How to Say No

I’m okay with saying no. If I don’t want to do something or can’t, I’ll say no without a second thought. It’s my right, I think, to do what I want with my time. It seems as though a lot of people don’t feel this way. I get that, it took me some time to come around to the idea myself. So let me tell you what someone really smart once told me…

How to say no without feeling bad about it.

Get all the information on the request.

Know what you are committing to before you answer. Listen to the way people ask for things… ‘Can I ask you a favour?’ or ‘Can you do something for me?’ If I get either request I ask first what they want so I can decide. I never say yes first. 

Do not automatically respond with yes or no.

Take the time to consider what you are currently committed to, what else you have coming up and whether or not you can make it work in the timeframe they would expect you to do it in. If you do this you only say NO when you have considered it. Feel good about that.

Do not make excuses for yourself. 

If you’ve said no, that’s perfectly okay. Anyone who can’t take no for an answer is a bully and you should consider treating them as such. I usually give a brief No, sorry I can’t make that work or similar. It doesn’t invite conversation that could have someone talk you into changing your mind. Giving excuses such as too busy etc just makes everyone feel bad. So stop doing it. 

Say yes if you can.

I find that I can say no so freely because I always take a look to see if I can say yes first. I love to help people out and I enjoy being the person that people can rely on to help in a jam. More often than not I say yes, so when I say no I am comfortable that the other person knows I would have helped if I could.

If you have to change your answer to no, let them know.

I don’t know how many times I have taken on something only to find that life throws something in my face and I can’t keep my promise. Immediately I contact the person and work out if the timeframe can be altered or if there was someone else who could take over from me. I offer suggestions for replacements or to find a replacement for myself. Turning a yes I can into a no I can’t is harder than saying no in the first place, remember that.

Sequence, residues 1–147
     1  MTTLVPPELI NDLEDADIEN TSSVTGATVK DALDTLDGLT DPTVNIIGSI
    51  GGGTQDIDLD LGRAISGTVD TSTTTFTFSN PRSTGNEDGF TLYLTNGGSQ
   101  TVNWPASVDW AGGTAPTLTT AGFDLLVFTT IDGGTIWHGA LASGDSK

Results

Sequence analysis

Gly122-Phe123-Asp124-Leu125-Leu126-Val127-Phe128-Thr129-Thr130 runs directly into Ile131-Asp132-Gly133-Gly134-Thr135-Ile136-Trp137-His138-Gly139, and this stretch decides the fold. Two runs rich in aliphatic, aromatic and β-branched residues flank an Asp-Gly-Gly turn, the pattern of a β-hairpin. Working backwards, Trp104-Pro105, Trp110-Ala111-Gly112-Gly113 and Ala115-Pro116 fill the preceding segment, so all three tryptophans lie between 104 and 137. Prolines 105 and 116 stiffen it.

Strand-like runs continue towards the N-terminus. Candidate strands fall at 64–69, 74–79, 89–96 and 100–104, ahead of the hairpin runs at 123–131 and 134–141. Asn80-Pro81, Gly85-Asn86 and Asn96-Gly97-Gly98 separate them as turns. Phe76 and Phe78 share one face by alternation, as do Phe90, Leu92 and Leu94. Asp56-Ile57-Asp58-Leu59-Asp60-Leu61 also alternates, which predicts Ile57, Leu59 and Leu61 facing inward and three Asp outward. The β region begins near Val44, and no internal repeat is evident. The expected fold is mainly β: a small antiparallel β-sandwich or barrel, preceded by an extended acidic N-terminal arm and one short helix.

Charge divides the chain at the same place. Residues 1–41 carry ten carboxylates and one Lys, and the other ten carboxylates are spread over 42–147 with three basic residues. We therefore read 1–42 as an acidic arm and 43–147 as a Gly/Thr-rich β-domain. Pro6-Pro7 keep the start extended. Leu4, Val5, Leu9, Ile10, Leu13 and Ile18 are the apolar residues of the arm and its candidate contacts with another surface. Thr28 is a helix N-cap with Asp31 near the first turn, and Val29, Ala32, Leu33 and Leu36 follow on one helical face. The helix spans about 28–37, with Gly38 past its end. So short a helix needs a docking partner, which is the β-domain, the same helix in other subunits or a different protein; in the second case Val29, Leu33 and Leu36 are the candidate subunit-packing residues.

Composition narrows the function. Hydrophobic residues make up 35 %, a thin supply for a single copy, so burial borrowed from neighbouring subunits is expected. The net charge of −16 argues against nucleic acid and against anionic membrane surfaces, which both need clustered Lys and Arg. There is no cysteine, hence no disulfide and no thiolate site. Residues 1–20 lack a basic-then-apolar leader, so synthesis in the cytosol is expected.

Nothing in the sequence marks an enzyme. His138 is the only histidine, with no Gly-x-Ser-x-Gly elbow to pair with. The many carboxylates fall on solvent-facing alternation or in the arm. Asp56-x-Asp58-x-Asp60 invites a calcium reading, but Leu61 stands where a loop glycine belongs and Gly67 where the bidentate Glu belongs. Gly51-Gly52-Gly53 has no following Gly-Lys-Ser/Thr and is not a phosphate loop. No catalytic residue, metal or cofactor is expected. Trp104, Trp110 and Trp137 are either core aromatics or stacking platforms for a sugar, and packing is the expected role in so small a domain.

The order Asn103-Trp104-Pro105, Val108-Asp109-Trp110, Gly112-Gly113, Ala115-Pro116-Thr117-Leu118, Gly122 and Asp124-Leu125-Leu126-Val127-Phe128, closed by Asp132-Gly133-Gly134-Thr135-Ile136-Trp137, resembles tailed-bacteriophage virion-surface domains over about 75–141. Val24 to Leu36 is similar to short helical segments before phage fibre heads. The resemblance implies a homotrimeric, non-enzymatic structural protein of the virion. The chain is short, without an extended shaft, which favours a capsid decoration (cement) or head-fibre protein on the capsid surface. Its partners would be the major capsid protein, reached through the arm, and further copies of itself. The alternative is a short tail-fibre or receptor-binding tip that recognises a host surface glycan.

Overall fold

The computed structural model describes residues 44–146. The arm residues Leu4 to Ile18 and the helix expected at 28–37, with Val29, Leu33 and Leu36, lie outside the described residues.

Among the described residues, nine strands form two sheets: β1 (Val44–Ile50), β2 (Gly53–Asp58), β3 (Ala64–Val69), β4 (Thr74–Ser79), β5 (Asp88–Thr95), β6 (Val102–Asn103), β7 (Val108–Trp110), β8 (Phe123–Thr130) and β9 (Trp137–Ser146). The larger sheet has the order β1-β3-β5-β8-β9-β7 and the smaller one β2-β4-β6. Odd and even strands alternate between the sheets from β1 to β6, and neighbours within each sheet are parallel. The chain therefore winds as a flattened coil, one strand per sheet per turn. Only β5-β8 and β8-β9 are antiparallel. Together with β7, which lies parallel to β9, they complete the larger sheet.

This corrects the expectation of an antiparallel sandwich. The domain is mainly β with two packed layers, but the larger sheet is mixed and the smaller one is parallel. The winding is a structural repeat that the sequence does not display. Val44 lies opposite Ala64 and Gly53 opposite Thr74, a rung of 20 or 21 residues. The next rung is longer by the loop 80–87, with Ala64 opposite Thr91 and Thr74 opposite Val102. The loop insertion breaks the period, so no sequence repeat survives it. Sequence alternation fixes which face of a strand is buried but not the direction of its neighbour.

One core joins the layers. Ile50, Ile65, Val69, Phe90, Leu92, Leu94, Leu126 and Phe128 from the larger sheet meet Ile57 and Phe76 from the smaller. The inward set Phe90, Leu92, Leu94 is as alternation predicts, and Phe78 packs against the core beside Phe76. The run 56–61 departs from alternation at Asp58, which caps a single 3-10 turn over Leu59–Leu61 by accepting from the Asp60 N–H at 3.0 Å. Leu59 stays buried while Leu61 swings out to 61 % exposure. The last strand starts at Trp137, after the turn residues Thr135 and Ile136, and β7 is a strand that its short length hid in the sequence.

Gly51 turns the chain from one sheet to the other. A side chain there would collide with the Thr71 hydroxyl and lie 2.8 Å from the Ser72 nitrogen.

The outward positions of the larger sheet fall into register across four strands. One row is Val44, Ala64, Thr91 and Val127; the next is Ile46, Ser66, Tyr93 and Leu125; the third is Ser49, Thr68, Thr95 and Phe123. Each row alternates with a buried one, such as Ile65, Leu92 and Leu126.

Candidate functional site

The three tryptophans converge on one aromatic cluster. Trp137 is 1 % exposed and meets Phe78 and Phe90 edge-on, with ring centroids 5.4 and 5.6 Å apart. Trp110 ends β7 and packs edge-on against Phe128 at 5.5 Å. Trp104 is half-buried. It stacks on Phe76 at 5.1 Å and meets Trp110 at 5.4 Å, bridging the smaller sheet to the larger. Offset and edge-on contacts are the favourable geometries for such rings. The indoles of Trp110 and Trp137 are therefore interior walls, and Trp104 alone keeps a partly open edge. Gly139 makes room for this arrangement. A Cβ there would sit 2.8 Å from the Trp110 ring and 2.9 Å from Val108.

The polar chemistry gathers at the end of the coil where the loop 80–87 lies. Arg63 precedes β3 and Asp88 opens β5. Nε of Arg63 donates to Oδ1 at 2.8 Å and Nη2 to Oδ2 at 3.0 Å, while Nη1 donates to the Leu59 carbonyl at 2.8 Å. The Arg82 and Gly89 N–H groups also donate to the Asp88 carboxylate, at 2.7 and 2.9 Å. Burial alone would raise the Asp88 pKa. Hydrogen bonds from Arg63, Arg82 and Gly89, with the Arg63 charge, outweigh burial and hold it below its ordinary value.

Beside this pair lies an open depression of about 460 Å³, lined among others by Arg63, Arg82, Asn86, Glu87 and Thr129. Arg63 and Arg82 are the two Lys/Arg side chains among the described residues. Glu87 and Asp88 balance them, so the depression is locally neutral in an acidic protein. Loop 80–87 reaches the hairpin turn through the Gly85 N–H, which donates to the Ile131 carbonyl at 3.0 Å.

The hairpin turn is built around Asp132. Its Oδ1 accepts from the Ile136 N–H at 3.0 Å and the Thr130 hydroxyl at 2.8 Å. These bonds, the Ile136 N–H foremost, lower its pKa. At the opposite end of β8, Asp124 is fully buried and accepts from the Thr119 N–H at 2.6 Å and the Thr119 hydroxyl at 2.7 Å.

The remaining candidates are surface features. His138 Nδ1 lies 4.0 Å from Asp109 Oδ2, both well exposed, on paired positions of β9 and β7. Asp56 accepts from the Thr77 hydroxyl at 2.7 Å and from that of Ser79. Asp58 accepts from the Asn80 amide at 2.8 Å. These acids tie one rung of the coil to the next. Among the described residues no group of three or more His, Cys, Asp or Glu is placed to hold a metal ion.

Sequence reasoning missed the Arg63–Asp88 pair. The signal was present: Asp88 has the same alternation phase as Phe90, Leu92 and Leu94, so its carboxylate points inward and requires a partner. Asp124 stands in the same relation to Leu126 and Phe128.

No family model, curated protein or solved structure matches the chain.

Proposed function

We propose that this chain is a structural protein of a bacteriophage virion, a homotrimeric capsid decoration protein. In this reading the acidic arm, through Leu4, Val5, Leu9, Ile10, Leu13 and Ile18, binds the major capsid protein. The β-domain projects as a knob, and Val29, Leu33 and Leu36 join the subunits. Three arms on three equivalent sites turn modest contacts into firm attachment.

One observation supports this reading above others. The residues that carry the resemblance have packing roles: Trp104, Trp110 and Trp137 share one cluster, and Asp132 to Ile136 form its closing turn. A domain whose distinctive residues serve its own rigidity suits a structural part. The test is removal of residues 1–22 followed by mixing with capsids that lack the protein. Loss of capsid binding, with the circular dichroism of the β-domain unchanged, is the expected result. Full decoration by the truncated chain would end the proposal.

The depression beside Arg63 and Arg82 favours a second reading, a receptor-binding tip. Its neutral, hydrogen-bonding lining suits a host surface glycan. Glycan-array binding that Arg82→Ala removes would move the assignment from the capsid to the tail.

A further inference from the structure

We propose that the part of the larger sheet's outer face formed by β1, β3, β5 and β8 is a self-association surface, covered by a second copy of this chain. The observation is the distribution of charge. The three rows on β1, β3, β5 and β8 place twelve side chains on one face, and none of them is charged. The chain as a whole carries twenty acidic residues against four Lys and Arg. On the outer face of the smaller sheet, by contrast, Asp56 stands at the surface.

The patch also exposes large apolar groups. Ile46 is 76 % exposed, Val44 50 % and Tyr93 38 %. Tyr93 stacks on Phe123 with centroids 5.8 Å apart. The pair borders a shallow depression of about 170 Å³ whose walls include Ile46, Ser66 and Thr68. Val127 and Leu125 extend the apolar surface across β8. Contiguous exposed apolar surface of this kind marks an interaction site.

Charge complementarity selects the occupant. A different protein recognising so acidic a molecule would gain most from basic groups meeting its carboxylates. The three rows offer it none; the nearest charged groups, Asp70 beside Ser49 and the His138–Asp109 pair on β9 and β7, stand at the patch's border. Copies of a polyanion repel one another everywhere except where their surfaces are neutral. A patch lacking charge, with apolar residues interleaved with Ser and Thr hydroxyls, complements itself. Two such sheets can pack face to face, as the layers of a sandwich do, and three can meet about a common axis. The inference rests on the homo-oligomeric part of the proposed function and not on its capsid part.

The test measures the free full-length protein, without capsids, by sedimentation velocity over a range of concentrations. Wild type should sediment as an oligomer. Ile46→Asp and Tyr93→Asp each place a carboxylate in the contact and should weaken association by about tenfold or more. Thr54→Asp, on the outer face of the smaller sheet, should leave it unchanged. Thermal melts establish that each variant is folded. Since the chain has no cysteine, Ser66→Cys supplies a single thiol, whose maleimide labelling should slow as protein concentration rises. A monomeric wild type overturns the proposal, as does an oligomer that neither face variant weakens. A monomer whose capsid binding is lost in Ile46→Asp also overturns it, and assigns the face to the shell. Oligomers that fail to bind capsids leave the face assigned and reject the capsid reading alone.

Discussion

So there you go. My tips for saying no without feeling bad about it. Essential to living a big, full life is the ability to say no to the things that you just can’t make work. Practice this for a while and you’ll see a big difference in your quality of life. So will the people around you. you may not realise it now, but people can absolutely tell if you feel obligated or forced into doing something you don’t want to do. It’s time to man up, retire that selfless martyr thing and say no in the first place.

Do you say NO often? Got any tips for us? How do you feel when you say no?   

 

  • Gayel @ Modern Mummy Mayhem

    I am extreamly bad at saying no…but considering I haven’t looked after myself that well in the past few weeks I have had a major wake up call. I have this habit of not saying straight out No but saying it in a less assertive way…which means I end up doing whatever was requested anyway. Grrr…learning learning!

    • Learning learning indeed. I think when you are clear that you have thought about the request and then said no, people are okay with that. The ones that aren’t, well they aren’t worth it anyway. Take care of yourself lovely.

  • I am so bad at saying no … thanks for the tips!

  • Patrick weseman

    I have a rule: No is the greatest word I have. I can turn a No into a Yes when in it is good for me, but I can not change a Yes into a No when I am in trouble.

    • It is. Such a strong word. Like I said, it’s easier to say no in the first place than say yes and have to change it to a no. That’s tricky!

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